Perry Borden in a Thinking Man’s Suite at Arbour Trails

Sitting down for a conversation with Perry Borden is akin to stepping into a whirlwind of history, legal theory and the ongoing quest for social justice and equality. There’s excitement in his voice as he talks about issues like the battle against collusion and price-fixing in all aspects of the consumer market, or the relationship between Canadian and Chinese governments.

Perry’s been a litigator and he’s worked as a personal injury lawyer. He’s well-versed in medical legalese and he’s supported trade negotiations between Canada the U.S. and China. He worked in Chile and Jamaica and many other places he doesn’t touch on; he’s seen the changing world over decades from the perspective of a man whose career has taken him across the planet, and he still delights today in fighting for the rights of regular folks.

Perry Borden sits behind the mahogany desk that once belonged to his great uncle, Sir Robert Borden.I had no idea who I was coming to meet when I shook Perry’s hand on a December afternoon; the team at the Village of Arbour Trails where he lives simply said he is beyond interesting and most certainly worth a conversation. That’s the thing about a Village where older people from many different backgrounds converge: an immense wealth of wisdom and experience are waiting to be discovered if you take the time to talk.   

Perry shakes his head when asked if he ever considered himself an activist solicitor.

“I just called myself a guy that has a strong belief in the administration of law and justice, and what we call a free and just society,” Perry says from behind a beautiful mahogany desk.

The conversation bounces around from Sec. 139 of Criminal Code of Canada (which Perry quotes directly) to the flaws in the American political system, and I ask about the desk.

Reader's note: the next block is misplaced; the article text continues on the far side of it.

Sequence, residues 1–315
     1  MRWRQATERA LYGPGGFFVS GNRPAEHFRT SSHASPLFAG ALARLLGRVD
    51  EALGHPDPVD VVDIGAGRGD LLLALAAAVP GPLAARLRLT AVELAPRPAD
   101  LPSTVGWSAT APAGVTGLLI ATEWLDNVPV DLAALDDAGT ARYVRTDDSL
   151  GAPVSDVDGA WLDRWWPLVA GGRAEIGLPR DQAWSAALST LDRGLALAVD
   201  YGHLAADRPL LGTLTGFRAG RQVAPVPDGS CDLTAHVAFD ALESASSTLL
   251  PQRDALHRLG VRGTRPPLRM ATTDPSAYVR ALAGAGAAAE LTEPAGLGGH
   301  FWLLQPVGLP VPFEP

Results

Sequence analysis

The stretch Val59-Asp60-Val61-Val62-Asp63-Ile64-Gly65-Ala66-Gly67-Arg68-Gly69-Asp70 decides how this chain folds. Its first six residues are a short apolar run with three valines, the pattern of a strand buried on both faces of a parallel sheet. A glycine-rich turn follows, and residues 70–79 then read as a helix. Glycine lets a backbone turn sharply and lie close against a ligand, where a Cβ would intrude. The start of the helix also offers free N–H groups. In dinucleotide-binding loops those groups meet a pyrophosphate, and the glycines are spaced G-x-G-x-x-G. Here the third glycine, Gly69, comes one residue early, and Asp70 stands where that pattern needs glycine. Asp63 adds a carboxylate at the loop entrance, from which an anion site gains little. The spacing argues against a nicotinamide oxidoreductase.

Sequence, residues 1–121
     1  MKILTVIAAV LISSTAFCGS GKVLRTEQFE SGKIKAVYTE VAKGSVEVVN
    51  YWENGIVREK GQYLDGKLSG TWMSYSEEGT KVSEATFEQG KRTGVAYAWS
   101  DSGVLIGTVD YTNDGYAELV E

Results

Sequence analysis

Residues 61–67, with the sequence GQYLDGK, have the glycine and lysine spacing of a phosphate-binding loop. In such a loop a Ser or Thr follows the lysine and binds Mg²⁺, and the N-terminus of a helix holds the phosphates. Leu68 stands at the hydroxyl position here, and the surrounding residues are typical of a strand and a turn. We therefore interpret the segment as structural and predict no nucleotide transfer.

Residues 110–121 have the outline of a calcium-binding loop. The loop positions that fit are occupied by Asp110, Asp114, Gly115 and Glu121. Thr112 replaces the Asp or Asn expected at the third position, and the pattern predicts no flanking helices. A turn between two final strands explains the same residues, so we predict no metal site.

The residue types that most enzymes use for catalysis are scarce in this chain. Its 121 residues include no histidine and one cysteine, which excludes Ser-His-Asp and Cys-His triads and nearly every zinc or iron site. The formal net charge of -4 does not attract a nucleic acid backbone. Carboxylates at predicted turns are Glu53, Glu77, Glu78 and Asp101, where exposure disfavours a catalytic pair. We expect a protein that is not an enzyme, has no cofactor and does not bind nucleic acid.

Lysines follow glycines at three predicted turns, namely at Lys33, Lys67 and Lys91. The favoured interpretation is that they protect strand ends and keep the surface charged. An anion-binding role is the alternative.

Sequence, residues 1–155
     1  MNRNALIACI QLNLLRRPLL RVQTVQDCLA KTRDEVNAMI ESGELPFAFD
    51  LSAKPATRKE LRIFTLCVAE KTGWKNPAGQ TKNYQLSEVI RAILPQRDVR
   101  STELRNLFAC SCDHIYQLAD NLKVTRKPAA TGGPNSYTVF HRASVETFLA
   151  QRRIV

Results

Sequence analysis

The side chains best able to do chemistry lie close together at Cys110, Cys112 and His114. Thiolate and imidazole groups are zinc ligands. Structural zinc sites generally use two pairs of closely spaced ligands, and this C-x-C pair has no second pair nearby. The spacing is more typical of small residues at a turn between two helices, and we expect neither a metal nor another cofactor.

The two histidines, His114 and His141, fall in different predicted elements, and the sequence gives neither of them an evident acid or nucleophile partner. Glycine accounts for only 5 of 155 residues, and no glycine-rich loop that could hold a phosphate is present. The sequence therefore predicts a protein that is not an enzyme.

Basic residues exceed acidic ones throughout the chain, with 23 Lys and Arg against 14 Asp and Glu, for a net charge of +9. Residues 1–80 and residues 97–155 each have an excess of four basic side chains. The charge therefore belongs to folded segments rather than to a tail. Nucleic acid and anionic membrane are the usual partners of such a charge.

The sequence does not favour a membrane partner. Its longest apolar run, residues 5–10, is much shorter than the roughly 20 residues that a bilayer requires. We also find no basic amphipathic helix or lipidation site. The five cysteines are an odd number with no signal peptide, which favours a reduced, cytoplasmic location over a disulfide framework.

Turns out the desk and chair had belonged to Ottawa’s Sir Robert Borden, as did a large chip and dale cabinet against the wall in the suite

Perry comes by his passion honestly with his Prime Ministerial ancestry.

When Perry’s father Henry was very young he lost his mother, and his uncle and aunt, Robert and Laura Borden, took charge of him as their own. Henry later clerked for his uncle in the halls of parliament and travelled overseas with him, eventually coding and decoding transatlantic messages during the years of the Great War while he and his uncle were in London on matters of state.

Yes, you just never know who you’re going to meet.

Perry grew up drenched in the history his family lived, and he was encouraged to study law as a means of fighting against the injustices he saw in the world around him. We talk for nearly an hour about the path from Ottawa to Chile, China the U.S. and eventually to Guelph.

From his suite at Arbour Trails he can almost see his house in the neighbouring Village by the Arbouretum, where he lived prior to his most recent move.

I ask him how he likes living at Arbour Trails and he laughs.

“It's good, it's good, it's good,” he says, chuckling. “I just gotta’ get my own bloody act together and clean these papers up, that's all, but it's a really nice spot.”

I think the suite looks perfect.

“It’s a thinking man’s suite,” I say, and the conversation carries with mesmerizing reflections of a long and interesting life.